The last game in a series is often considered a “Getaway Day” for the visiting team, and there are times when the lineup reflects greater concern for the next series than the current one.  That Getaway Day often consists of an early afternoon game that follows a night game, so it makes perfect sense to rest a player or two.  Players who may need an extra day off:

  • Aging veterans who have trouble playing back-to-back days due to the whole “running and throwing” thing that baseball players are required to do (except in the AL where those people are called “Designated Hitters”)
  • Players with nagging injuries that would benefit greatly from 24-30 hours of legitimate rest and treatment
  • The starting catcher, because a man really should the amount of squatting performed in a short period of time
  • Any player who shows up for batting practice while wearing leather pants while holding a carry-on bag

Back to the tweet:  The batting averages for each player in the Cubs’ starting lineup appeared on the board, and the numbers were enough to inspire awe in even the most ardent Cubs supporter (like the guy wearing the SOTO jersey in front of me).  Just imagine this:

  1. Reed Johnson – .182
  2. Blake DeWitt – .000
  3. Starlin Castro – .371
  4. Jeff Baker – .111
  5. Ian Stewart – .267
  6. Joe Mather – .167
  7. Geovany Soto – .120
  8. Marlon Byrd – .071
  9. Paul Maholm – .000

So, the Cubs have an opening day payroll of around $110M, and you’re telling me that Alfonso Soriano ($18M in 2012) sits to give Joe Mather a few at-bats?  Do you see what is wrong with this picture?

  • The cleanup hitter, Jeff Baker, has hit 10+ HR in a season only once, and that was 4 years ago.
  • The guy hitting in the 2-hole has exactly the same batting average as the starting pitcher who has only had 1 plate appearance prior to today.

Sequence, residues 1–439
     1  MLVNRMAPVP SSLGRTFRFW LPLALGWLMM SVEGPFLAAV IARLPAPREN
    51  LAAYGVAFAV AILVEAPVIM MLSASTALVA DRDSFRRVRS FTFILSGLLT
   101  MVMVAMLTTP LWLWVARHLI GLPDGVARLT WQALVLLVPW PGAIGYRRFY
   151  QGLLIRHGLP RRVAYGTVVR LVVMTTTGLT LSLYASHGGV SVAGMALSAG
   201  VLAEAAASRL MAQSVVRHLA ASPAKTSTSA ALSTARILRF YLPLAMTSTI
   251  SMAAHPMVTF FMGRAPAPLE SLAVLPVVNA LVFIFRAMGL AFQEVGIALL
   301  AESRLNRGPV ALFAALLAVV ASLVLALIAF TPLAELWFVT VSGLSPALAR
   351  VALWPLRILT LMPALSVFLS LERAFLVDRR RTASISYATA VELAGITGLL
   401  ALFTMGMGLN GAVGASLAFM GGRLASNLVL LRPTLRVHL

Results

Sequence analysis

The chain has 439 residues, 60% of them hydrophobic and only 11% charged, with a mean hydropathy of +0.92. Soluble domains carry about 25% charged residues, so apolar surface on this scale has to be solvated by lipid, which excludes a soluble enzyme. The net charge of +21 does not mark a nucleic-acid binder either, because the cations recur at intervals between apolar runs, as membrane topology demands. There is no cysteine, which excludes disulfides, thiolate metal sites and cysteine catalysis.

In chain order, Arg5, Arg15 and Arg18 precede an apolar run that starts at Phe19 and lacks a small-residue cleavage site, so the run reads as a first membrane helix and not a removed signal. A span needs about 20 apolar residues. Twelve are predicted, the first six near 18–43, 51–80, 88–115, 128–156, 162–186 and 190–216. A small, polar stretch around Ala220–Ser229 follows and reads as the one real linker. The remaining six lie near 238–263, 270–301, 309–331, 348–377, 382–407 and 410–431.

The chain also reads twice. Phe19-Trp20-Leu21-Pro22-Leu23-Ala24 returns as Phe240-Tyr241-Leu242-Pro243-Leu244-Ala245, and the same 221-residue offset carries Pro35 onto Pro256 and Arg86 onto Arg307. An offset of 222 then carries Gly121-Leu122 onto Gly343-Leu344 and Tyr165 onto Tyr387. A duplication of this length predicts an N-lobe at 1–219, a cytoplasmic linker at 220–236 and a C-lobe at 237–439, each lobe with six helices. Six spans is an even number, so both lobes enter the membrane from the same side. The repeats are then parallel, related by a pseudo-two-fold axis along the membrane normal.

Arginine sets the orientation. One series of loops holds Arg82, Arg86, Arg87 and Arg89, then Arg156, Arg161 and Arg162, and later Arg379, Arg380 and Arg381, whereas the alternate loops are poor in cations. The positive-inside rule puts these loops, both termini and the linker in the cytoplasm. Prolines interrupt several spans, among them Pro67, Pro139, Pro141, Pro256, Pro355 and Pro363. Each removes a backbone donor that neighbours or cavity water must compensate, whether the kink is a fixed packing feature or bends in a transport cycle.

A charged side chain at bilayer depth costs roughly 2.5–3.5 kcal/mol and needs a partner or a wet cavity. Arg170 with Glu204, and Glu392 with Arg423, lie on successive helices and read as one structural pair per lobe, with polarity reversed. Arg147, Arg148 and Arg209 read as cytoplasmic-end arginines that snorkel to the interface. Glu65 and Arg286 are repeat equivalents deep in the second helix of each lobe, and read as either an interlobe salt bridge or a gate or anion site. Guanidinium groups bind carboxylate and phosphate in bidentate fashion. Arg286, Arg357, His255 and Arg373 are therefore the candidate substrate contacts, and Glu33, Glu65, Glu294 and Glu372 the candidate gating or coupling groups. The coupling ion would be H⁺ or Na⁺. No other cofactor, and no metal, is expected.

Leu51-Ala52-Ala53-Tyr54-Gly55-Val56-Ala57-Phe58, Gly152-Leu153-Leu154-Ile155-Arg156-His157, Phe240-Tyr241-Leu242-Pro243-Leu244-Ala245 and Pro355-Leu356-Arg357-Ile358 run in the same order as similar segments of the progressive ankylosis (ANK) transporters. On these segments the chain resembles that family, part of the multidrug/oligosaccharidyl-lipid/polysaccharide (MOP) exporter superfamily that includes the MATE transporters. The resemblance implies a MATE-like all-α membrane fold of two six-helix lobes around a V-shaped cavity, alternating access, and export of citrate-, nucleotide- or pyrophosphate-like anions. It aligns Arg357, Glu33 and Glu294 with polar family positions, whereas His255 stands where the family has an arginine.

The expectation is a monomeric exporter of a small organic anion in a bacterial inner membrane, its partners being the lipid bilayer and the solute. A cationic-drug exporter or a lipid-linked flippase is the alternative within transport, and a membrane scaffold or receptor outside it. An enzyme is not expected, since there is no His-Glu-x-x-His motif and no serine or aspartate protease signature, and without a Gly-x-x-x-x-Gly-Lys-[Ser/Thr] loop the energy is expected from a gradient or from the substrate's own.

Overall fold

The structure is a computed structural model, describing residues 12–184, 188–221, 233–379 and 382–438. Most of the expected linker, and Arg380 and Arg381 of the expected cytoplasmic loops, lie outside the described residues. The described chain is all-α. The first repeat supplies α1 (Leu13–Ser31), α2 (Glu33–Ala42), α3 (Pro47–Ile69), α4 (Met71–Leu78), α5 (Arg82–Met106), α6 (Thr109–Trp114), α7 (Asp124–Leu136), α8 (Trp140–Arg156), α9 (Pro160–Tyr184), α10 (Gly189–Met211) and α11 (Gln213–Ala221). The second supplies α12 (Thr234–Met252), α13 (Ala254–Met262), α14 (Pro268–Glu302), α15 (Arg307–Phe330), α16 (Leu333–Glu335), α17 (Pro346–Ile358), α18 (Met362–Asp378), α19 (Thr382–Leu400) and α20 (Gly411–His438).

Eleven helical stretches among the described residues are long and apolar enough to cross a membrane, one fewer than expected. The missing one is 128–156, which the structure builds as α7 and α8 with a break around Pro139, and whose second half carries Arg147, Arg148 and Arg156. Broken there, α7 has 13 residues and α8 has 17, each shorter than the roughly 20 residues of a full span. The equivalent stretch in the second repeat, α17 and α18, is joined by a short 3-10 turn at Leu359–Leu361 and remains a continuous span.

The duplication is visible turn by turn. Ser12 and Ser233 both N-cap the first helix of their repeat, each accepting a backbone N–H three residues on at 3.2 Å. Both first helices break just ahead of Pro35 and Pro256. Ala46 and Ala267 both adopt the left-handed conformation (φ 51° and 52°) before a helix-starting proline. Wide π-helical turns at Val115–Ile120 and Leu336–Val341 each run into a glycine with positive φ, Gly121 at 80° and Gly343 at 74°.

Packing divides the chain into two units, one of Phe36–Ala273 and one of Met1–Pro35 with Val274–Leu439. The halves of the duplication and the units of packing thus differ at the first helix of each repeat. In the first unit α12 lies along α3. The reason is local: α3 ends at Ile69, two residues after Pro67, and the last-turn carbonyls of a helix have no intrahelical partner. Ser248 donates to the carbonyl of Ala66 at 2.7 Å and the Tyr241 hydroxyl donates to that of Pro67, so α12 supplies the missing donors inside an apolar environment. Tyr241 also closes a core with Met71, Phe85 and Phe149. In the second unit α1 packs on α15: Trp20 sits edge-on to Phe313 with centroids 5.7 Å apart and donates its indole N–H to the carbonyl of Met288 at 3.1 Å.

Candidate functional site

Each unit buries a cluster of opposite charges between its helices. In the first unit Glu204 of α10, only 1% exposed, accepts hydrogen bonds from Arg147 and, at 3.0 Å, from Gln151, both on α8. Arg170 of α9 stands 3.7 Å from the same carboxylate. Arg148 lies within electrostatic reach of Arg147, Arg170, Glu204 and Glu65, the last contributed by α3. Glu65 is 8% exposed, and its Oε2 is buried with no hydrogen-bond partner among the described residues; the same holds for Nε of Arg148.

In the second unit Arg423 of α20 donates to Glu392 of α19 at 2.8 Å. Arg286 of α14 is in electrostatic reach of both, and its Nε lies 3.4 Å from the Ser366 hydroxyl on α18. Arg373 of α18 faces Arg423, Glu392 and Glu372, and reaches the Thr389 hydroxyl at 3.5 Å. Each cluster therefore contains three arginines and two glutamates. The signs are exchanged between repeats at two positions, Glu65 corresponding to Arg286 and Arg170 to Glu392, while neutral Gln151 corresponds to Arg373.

• Soto has caught the bulk of the innings behind the plate, so if anybody needs a day off, it would seem like Soto would be a great candidate.

Think of the situation the Cubs find themselves in to this point.  Entering Sunday, the Cubs were 3-6 and trailing the division leading Cardinals by 3 games.  Sure, the season is still young, but why not take a shot at stealing a game and a series against the #5 starter for the Cardinals?  The Cubs likely won’t contend or event simulate contending this season, but it does not hurt a bit to try and snag a few wins here and there when the other team may be looking ahead just a bit or isn’t at full strength.  After all, the Cardinals fielded at team without Lance Berkman, David Freese, Allen Craig, and Skip Schumaker.  If the Cubs face the Cardinals at full strength, the task of winning a few against a division rival does not get any easier.  Sunday represented a great opportunity to take a shot, and the Cubs failed to go all-in on that opportunity.

Naturally, the fantasy baseball implications for using Getaway Day lineups should not be ignored.  While it makes sense that many players could benefit from an extra day off, the missed chances to fill the stat sheet impact fantasy leagues in a significant way.  The implication for fantasy owners is that adding a weighting factor for players who tend to take very few days off should be considered.  Maybe Starlin Castro deserves a bump up the rankings at SS, because he has played all 10 games the Cubs have played this season.  The lesson here could be that owners should consider carefully whether or not a team’s ultimate goal and respective fortunes strongly correlate to what a particular player does, that player deserves a longer look in your fantasy rankings.

On the other hand, the lesson really could just be that Getaway Day lineups are a bad idea for teams dwelling in their division cellars.